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OGD’s 2021 report sheds light on the year’s generic drug approvals

The Food and Drug Administration’s Office of Generic Drugs program funded approximately $20 million in generic drug science and research programs in 2021.

Propelled by innovation and scientific collaboration, the Food and Drug Administration’s Office of Generic Drugs Program, or OGD, moved forward in 2021.

That is the message Sally Choe, director of the Office of Generic Drugs at the FDA's Center for Drug Evaluation and Research, shared as the OGD released its annual report detailing the achievements of the past year. 

In her message on OGD's website, Choe stated that 90% of all prescriptions dispensed in the U.S. are for generic drugs. To support the availability of generic drugs, the generic drug program approves safe, effective, high-quality drugs and monitors those drugs once they are on the market. 

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In the previous year, the FDA prioritized the assessment of generic drug application submissions for drugs identified as potential treatments and supportive therapies for patients with COVID-19. In fact, COVID-19 related submissions included more than 75 original ANDAs, some which were approved in record time, as well as more than 1,200 supplemental applications.

“We funded approximately $20 million in generic drug science and research programs,” Choe said. “We also issued 149 product-specific guidances for generic drug development, or PSGs, including 54 PSGs for harder-to-develop complex drugs, to relay the agency’s thinking on the most appropriate methodology and evidence needed to support the development of specific generic drugs.”

Choe also pointed out that in 2021, innovative OGD research supported the work of the generic drug program.

“For instance, we established the scientific foundation to support alternative bioequivalence approaches for several generic drug products, including a novel in vitro BE approach that enabled the efficient development, assessment and approval of the first generic difluprednate ophthalmic emulsion (generic Durezol) to treat eye swelling and pain after eye surgery,” Choe said.

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Another innovation came with the approval in 2021 of the first generic paliperidone palmitate extended-release injectable suspension (generic Invega Sustenna), a long-acting injectable product indicated for the acute and maintenance treatment of schizophrenia in adults.

“The FDA developed modeling and simulation approaches for pharmacokinetic study designs and BE evaluations. The applicant applied the new approaches to the studies before submitting the application to the FDA,” Choe said. 

Also approved by the FDA was the first complex generic for ferumoxytol injection (generic Feraheme), a parenteral iron product that treats iron deficiency anemia. “Our scientific investment in the characterization and advanced BE study designs was essential to this approval,” she said.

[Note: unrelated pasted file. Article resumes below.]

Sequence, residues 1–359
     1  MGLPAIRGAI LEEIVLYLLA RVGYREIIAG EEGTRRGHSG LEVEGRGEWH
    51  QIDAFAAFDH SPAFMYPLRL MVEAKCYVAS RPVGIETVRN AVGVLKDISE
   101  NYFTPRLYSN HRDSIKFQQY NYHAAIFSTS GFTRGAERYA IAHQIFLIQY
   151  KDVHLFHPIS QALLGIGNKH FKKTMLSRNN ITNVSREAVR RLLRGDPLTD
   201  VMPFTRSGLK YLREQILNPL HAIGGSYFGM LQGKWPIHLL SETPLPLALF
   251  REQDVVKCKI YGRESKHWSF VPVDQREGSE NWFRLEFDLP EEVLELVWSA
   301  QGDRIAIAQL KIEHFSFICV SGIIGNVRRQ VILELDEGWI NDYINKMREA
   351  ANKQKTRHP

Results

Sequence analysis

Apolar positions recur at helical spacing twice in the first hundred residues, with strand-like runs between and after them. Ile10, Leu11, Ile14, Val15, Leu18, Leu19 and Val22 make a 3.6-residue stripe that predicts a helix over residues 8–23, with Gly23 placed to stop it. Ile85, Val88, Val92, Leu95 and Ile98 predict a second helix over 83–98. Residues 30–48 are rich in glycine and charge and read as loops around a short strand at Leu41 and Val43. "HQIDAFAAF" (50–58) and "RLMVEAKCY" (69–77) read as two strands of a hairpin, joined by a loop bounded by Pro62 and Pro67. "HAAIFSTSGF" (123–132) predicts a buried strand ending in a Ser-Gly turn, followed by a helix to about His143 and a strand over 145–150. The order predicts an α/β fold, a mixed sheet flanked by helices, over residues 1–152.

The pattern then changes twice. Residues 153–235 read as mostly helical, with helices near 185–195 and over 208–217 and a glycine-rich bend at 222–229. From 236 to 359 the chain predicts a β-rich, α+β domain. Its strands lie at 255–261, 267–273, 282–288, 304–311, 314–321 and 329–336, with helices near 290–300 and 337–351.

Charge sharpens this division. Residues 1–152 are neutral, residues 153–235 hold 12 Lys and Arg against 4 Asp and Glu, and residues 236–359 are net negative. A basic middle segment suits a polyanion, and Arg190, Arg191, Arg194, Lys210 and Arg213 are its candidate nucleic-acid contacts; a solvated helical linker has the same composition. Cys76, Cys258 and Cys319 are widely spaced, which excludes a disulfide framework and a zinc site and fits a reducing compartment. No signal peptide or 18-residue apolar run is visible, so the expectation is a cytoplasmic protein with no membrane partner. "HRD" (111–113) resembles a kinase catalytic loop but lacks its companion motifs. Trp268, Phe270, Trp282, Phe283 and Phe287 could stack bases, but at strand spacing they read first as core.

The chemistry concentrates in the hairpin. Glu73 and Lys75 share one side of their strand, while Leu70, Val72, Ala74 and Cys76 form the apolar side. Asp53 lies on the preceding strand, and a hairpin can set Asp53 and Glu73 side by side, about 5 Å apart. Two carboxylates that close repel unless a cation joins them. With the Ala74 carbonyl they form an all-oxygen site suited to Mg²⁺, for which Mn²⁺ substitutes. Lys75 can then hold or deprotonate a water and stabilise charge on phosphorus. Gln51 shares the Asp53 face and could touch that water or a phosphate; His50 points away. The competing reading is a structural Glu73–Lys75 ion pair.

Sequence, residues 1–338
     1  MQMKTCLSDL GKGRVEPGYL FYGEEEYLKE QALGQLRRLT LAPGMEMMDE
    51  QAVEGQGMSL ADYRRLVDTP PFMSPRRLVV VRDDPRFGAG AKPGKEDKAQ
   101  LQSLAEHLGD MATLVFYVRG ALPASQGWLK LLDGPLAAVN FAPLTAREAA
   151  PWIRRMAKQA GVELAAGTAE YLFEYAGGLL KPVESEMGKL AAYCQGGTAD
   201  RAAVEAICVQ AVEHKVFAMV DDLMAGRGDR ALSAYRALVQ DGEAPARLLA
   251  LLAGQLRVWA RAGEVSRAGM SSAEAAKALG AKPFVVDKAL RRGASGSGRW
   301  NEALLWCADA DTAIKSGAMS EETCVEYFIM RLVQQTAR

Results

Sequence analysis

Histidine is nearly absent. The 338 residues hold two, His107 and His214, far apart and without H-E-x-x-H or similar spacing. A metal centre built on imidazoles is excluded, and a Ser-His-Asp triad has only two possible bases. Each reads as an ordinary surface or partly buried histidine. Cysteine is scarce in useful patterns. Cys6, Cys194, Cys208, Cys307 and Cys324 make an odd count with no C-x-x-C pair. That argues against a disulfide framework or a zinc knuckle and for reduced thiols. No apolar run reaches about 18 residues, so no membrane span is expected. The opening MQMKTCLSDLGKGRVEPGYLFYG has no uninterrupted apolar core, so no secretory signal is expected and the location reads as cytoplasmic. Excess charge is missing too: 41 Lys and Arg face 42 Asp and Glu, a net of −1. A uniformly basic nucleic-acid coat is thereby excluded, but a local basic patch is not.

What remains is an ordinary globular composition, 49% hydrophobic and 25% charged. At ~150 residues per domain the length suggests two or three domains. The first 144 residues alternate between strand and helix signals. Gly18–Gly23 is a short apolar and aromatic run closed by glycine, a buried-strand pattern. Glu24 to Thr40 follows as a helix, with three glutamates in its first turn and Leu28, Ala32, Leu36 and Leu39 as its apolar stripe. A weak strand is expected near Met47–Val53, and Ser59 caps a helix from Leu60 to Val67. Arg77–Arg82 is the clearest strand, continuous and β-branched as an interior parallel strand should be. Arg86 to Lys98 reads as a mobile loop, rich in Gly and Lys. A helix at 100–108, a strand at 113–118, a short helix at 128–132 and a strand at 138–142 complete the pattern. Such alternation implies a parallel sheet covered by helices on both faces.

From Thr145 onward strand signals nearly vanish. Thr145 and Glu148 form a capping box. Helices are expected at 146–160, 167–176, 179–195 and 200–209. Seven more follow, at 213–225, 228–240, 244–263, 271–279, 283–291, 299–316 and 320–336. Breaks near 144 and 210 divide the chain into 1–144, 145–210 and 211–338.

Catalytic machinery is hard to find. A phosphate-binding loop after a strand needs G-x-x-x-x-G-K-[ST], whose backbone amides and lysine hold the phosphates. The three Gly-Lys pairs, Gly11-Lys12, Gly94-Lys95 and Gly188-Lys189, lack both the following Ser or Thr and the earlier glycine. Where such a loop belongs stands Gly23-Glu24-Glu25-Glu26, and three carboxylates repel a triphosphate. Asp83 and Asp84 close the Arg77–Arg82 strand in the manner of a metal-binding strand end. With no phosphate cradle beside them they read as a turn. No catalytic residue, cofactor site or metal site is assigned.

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Indicating that scientific and regulatory collaborations helped the FDA create new approaches to support timely assessment and approval of many generic drug products in 2021, Choe said that the FDA, in partnership with the University of Maryland and the University of Michigan (the Center for Research on Complex Generics), collaborated to reach thousands of stakeholders worldwide with workshops that stimulated dialogue and generated knowledge about science and innovative research crucial for the development of complex generic medicines.  

Choe also mentioned the continued implementation of the congressionally established Competitive Generic Therapy program helped with the approval of 100 ANDAs for drugs designated as CGTs.

“The CGT pathway for generic drugs helps incentivize the entry of drugs with ‘inadequate generic competition’ to the market,” Choe said. “This milestone is a sign the program is achieving its goal — the development and market availability of safe, effective generic drugs in areas of the market that previously had little to no competition.”

Globally, the FDA’s collaborative work included the launch of a joint FDA and European Medicines Agency pilot program to provide parallel scientific advice to developers of complex generic drug products. The pilot program allows assessors from the two agencies to concurrently communicate their views on scientific issues, in real-time, to manufacturers working to develop complex generic drugs.

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“This can help shorten the time it takes for these important products to obtain regulatory approval. The FDA also launched the Global Generic Drug Cluster, the first forum for leading regulatory agencies to increase scientific alignment around topics relevant to generic drug development,” Choe said.

In 2021, even with the unique challenges caused by the ongoing pandemic, OGD continued to innovate and conduct scientific research to keep the FDA generic drug program moving forward. “As a results-driven organization, we engage the best experts, we emphasize best practices, and we translate research into actionable guidance. We are excited about the year ahead, and we anticipate a continuation of program growth throughout 2022,” Choe said.

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